This is the Main Reason Your Content Marketing Is Getting Ignored

I came across a story on The Guardian of a man with the strangest condition I have ever heard of.

I wasn’t expecting this, but after I read his story, I realized that his story reveals something you might be concerned about: why your content marketing isn’t working.

I’ll explain what I mean in a second, but first you’ve got to hear this man’s shocking story…

Living in a Right-Sided World

Alan Burgess’ life changed forever on November 5, 2007.

It was the day he had a stroke.

I know that many people have strokes, so that might not seem unique.

But how his stroke changed his way of perceiving the world is what make this such a unique story.

You see, his stroke left him with a syndrome known as hemispatial neglect.

His stroke damaged the parietal lobe on the right side of his brain, which is the part of our brain that handles our ability to pay attention or be aware of certain things in our world.

That means that his stroke had a strange effect on his attention.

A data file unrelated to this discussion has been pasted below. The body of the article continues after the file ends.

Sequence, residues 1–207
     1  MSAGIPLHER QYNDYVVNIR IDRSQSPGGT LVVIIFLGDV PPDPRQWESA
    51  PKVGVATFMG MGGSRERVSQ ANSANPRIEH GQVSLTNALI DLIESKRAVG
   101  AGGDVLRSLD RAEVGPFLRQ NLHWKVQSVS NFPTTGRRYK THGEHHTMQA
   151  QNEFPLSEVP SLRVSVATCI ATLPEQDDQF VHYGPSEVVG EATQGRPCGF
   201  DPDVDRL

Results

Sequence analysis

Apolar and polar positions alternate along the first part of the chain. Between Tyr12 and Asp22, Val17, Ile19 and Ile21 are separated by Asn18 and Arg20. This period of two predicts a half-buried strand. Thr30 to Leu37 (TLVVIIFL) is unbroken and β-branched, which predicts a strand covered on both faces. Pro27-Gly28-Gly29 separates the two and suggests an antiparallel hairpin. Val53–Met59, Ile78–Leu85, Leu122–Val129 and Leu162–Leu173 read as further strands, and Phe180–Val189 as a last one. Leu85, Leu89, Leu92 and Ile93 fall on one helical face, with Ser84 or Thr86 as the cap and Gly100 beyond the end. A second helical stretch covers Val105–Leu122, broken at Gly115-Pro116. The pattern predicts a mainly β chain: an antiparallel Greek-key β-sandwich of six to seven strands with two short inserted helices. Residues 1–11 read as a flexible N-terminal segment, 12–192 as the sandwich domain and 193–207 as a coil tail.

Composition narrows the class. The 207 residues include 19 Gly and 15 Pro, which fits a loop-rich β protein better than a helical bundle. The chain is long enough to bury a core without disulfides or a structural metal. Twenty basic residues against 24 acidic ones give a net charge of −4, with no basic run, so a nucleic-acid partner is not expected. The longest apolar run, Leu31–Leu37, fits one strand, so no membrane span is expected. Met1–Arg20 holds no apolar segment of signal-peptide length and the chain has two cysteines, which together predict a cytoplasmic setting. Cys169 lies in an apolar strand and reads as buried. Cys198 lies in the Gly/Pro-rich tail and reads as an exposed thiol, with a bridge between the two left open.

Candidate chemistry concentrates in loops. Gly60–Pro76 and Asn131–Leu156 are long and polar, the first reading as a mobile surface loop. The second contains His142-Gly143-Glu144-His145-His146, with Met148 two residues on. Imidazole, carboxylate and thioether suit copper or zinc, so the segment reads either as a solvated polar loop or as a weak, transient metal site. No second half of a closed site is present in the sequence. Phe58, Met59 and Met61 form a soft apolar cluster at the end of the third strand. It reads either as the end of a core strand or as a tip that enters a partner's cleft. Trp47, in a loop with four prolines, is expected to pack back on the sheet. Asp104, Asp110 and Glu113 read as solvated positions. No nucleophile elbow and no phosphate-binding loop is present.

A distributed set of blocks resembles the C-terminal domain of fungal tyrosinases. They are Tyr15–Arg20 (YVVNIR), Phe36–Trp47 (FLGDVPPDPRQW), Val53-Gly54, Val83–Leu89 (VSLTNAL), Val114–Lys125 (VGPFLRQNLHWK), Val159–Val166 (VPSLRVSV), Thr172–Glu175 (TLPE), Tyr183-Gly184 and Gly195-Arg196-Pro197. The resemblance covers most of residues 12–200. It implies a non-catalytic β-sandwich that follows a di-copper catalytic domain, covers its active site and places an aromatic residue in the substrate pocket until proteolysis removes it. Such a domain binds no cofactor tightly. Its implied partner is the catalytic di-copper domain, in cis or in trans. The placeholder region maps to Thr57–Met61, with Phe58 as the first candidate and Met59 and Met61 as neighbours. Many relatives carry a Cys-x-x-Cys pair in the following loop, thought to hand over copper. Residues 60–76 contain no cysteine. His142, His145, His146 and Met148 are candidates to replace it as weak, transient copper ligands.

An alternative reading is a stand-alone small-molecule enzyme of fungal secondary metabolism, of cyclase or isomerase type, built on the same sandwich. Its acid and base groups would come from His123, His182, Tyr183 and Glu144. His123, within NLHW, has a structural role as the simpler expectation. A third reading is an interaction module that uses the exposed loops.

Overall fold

It caused him to ignore people, sounds, and objects on his left. It’s like the world on his left doesn’t exist at all.

Now you need to understand something. He is NOT blind in his left eye.

His brain is just ignoring one side of his world.

Before his stroke, Burgess was working as a driver. But now his “visual neglect” makes driving impossible, so he had to retire early.

Since his retirement he has taken up painting, which he really enjoys.

But if you took a look at his paintings, you’d notice something unique about them.

Half of the picture is missing.

He has a painting that he has done of two robins, which he copied from a Christmas card.

The robin that is on the right is done in full detail, but if you look at the one on the left, you’d noticed that it is still unfinished.

A doctor who studies this condition, named Dr Paresh Malhotra described this condition in this way, “Vision is most strikingly affected because we are visual creatures, but hearing, touch, representation and sense of self are also affected.”

The sad thing about this condition is that people who have hemispatial neglect are many times not even aware of their condition.

And because of this, many people like Alan Burgess don’t seek out help.

What does this have to with content marketing? A lot.

And it all begins with multitasking.

Let me explain…

The Short Order Cook and the Myth of Multitasking

I actually think I am pretty good at multitasking. (In fact, I’ve stopped writing this multiple times to do other things like check my email.)

Don’t you feel the same way about your awesome multitasking ability?

Well, according to an NPR article on multitasking, we’re wrong.